Tuesday, June 30, 2015

The Covers of La Femme de France, 1926 - 1938

I've spent most of the last month working, but luckily work included reading old issues of La Femme de France, a delightful interwar magazine for women.

Saturday, June 27, 2015

'How Much Longer Will We Be On This Page?' at Litro Magazine

'How Much Longer Will We Be On This Page?' is now up at Litro USA. I wrote this story quite a long time ago, but I'm still fairly pleased with it. It is, I think, the first piece of fiction I've had published.

You can read the whole piece on Litro's website, but the first sentence is:

"There were words strewn like spilt cereal all over the kitchen floor that morning, piles of subjectivity to be pushed aside before breakfast."

Sunday, June 21, 2015

Recommendations: Isabel Magowan

I've just discovered the photography of Isabel Magowan, one of this year's Yale MFA graduates. Her work is in Danziger Gallery's exhibition 'Lovely Dark,' which closes later this week. I didn't see it there; I stumbled across it on the internet. It's a group show, but the title works really well with Magowan's photographs, which are extremely unsettling images of beauty and privilege. I can't always pinpoint precisely what it is that makes the pictures feel so unsettling or disturbing, but there's a constant sense of threat in all of them, as if something is lurking, just out of frame, planning to pounce when the camera isn't looking. It feels as if all the subjects are held hostage, trapped. This image is from the 'Cygnets' series; I would recommend looking at the whole series on her website.

Thursday, June 18, 2015

Roses at Night, 2015

I've just returned from a trip to the Archives d'Outre Mer in Aix-en-Provence. I'm not feeling well, though, now. I may have caught an illness from the 1920s, locked in an archival box.

I took these photographs at the École Normale Supérieure on Sunday night, before leaving for Provence. The roses at the school are beautiful at the moment, tall and pink and crowding around the fountain, and I wanted to get some pictures of them at night, when they're not — without flash — really visible and so feel more mysterious, all scent and outline sometimes blowing in the wind. I'll probably also post some pictures from during the day soon, and maybe also some pictures from the evening with fewer light leaks, but I like the way these turned out, smokey and strange.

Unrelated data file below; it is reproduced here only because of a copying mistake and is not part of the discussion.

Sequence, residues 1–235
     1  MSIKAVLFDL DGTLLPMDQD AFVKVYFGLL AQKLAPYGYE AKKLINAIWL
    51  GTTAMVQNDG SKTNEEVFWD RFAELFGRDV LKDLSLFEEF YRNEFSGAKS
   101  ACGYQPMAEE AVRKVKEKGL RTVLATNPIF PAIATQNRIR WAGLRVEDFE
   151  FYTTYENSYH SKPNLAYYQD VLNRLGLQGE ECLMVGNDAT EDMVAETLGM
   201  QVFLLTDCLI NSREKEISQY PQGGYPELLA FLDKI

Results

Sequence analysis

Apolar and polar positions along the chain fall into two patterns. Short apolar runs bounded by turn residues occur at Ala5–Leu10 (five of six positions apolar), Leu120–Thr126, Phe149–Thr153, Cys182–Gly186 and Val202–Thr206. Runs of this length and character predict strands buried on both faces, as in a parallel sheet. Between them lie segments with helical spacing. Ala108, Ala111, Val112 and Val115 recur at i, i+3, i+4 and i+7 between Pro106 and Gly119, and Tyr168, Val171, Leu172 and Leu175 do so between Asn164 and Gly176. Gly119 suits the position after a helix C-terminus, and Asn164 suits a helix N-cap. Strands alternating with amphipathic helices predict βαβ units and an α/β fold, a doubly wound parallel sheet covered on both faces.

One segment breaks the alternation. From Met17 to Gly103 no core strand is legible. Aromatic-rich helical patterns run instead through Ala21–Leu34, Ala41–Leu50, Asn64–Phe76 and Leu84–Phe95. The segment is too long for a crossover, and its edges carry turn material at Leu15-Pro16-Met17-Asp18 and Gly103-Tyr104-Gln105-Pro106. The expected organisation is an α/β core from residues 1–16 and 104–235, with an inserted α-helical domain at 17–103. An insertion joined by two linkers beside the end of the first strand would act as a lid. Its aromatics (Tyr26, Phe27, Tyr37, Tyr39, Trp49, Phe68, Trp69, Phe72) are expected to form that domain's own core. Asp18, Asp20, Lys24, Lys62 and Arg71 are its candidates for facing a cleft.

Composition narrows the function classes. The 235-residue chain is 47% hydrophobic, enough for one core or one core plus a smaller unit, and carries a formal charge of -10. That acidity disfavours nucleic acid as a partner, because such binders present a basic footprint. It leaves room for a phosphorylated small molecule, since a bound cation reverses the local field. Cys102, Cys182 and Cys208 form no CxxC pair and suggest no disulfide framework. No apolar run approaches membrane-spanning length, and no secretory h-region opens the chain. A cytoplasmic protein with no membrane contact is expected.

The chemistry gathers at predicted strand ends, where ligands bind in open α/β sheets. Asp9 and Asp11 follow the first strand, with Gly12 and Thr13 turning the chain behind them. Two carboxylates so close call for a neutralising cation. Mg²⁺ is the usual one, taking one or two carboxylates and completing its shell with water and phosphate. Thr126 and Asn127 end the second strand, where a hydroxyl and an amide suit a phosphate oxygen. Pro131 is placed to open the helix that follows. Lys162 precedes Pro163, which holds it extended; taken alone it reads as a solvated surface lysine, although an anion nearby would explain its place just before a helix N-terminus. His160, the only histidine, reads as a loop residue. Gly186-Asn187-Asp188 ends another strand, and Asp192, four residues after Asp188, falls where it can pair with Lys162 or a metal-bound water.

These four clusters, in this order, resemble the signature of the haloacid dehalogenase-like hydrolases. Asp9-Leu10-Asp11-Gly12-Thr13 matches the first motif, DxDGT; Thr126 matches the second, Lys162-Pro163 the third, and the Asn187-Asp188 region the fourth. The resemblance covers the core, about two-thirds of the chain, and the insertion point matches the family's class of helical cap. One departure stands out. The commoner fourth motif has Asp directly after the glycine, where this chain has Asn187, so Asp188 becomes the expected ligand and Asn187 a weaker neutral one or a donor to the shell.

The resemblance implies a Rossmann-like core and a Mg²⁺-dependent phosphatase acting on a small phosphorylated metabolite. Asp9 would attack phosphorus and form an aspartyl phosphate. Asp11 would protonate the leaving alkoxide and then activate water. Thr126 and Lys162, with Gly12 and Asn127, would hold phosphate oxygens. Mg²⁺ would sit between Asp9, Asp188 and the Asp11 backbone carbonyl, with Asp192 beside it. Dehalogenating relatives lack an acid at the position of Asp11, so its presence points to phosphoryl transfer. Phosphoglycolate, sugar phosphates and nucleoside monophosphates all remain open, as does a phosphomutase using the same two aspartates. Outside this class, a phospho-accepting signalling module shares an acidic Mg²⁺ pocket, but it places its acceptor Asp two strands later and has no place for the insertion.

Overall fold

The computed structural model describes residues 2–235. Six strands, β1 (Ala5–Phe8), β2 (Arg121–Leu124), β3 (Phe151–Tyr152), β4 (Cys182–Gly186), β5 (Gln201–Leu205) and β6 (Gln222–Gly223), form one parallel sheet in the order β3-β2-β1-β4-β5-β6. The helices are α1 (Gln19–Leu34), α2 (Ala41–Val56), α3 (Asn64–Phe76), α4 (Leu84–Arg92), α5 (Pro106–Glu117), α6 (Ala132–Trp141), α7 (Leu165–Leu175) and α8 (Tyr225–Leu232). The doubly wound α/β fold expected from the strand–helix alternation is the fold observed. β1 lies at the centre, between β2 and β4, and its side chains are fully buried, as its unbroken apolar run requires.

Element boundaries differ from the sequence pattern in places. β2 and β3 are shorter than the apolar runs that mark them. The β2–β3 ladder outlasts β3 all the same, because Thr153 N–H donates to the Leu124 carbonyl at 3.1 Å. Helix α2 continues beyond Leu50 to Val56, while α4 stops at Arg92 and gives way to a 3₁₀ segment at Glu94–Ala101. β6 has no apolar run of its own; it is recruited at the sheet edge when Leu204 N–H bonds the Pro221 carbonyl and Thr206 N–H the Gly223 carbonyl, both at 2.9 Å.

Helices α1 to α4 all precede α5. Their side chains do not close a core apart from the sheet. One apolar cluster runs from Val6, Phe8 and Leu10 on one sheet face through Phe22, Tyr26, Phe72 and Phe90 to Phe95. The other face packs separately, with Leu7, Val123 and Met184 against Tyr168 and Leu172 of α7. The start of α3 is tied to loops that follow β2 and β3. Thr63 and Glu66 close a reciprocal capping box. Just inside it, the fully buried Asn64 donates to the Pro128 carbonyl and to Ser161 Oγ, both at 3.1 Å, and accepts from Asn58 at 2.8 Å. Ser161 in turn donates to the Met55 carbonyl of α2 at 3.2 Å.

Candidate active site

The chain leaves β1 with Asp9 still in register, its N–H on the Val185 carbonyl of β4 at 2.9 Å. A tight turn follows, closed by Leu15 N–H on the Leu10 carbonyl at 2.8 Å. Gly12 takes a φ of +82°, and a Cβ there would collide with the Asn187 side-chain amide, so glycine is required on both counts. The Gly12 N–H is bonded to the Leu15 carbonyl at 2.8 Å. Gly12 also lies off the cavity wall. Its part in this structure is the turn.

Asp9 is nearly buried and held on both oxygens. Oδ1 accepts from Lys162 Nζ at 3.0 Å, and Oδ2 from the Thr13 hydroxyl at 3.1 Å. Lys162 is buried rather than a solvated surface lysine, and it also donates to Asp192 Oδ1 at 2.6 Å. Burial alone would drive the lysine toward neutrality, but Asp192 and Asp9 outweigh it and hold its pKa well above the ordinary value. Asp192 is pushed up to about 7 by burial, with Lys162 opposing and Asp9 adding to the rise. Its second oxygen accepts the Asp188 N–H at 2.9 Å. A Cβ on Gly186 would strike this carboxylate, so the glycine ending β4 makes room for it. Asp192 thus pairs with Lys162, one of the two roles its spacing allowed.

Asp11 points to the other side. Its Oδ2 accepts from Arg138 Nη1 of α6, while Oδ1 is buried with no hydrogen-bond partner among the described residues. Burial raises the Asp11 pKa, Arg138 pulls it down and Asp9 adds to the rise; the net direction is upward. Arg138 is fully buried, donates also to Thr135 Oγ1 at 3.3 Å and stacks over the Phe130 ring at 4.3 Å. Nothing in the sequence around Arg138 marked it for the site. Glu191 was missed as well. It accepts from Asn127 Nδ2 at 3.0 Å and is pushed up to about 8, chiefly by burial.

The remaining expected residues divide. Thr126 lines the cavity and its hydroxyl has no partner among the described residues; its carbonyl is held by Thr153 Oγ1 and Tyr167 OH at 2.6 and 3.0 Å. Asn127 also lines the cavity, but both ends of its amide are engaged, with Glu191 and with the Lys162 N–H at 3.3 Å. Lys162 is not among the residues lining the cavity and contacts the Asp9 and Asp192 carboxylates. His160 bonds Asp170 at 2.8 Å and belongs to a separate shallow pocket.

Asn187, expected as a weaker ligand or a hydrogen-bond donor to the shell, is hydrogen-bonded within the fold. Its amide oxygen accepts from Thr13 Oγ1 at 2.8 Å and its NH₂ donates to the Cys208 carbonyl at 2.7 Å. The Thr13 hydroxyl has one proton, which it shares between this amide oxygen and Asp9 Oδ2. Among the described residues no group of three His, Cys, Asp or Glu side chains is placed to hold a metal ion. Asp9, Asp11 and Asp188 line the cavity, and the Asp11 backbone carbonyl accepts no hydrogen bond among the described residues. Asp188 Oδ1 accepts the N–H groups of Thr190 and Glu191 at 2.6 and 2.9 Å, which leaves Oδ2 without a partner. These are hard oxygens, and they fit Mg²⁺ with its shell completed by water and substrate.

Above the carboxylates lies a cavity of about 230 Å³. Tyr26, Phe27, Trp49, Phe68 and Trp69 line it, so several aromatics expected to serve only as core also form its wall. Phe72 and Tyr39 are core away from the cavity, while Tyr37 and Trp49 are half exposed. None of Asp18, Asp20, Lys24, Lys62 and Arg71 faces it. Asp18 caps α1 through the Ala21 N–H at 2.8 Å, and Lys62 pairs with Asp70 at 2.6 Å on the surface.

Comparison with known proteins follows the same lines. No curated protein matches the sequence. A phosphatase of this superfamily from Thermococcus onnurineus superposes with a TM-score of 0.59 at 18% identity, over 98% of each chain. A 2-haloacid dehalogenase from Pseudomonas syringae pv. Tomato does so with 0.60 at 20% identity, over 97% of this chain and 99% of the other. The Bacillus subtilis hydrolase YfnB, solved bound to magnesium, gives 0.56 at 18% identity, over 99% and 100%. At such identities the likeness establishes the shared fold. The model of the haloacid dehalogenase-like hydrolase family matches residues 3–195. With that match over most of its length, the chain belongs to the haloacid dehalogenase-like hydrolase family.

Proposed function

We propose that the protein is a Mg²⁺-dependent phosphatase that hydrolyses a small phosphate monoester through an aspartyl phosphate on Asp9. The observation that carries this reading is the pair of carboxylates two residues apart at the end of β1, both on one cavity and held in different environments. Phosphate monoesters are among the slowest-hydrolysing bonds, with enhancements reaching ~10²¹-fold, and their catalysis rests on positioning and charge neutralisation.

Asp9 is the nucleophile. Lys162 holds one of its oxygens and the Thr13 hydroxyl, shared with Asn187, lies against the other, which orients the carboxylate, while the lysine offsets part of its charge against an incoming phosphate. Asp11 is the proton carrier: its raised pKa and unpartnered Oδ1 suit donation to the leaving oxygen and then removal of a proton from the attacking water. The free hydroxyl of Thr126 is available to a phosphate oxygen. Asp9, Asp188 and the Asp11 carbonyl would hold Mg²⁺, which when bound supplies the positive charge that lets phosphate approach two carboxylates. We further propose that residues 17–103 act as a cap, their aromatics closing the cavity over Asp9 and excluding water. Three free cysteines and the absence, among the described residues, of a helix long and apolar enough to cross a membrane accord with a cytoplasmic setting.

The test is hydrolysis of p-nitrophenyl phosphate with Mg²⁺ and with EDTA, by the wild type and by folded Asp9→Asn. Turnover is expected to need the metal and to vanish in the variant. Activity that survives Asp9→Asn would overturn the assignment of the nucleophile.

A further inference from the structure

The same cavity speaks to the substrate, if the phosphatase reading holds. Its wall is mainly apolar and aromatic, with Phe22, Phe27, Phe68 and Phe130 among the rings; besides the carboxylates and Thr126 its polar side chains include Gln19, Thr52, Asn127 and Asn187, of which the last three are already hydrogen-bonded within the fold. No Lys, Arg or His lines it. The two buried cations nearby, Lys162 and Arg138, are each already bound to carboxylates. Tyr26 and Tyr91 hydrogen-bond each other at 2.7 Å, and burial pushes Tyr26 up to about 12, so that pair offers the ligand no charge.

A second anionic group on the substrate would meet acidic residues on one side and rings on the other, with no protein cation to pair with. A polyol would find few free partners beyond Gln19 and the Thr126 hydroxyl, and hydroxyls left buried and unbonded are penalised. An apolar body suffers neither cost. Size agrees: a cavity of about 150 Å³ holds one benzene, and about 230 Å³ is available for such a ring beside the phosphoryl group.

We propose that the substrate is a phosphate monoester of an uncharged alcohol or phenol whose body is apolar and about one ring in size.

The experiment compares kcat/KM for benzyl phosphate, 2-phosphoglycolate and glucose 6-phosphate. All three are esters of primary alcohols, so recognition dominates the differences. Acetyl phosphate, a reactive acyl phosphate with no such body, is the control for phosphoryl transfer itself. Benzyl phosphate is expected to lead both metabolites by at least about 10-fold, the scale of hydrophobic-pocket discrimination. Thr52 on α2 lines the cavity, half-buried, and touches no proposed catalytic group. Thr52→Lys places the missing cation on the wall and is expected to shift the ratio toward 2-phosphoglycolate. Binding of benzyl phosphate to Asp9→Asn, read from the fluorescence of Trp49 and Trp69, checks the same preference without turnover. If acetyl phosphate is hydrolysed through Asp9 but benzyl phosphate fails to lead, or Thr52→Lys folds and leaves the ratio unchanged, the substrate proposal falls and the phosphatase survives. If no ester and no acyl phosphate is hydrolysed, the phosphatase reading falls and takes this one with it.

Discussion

Thursday, June 11, 2015

Recommendations (and Hesitations): On the Hierarchies of an Australian Strip Club, by Sam George-Allen

"It’s hard to explain to him how it can be okay, after I’ve told him, fidgeting and angry, about the threat of harassment every time I walk somewhere alone. It’s hard to explain the weird protection that a place like the club—a man’s place, a fantasy place—provides me, with its rules and friendly security guards, protections I live without in real life. And it takes me a long time to recognize the triple reward that I gain from being willingly desirable: not just safety, but the power to remove those who threaten that safety—and the sweet compensation of a lot of money."

As a piece of writing, I really like 'On the Hierarchies of an Australian Strip Club,' by Sam George-Allen, from Issue 26 of The Lifted Brow. I'd certainly recommend reading it, regardless of your views on strip clubs. George-Allen writes beautifully, and the piece offers an interesting look into a world with which I'd guess few would have first-hand experience.

Politically, though, it makes me a little uncomfortable. George-Allen is critical of the men who frequent strip clubs, and acknowledges the ways in which it makes her own life outside the strip club more transactional. And yet this idea that the club offers women power ("they are less dancers than athletes, I realise, and wonder how many other female athletes make a thousand dollars a night") and protection (as in the quote above) recurs throughout, and it seems to ignore the way in which these clubs fit into society more broadly, that the same forces which drive strip clubs drive a culture where men harass women on the street.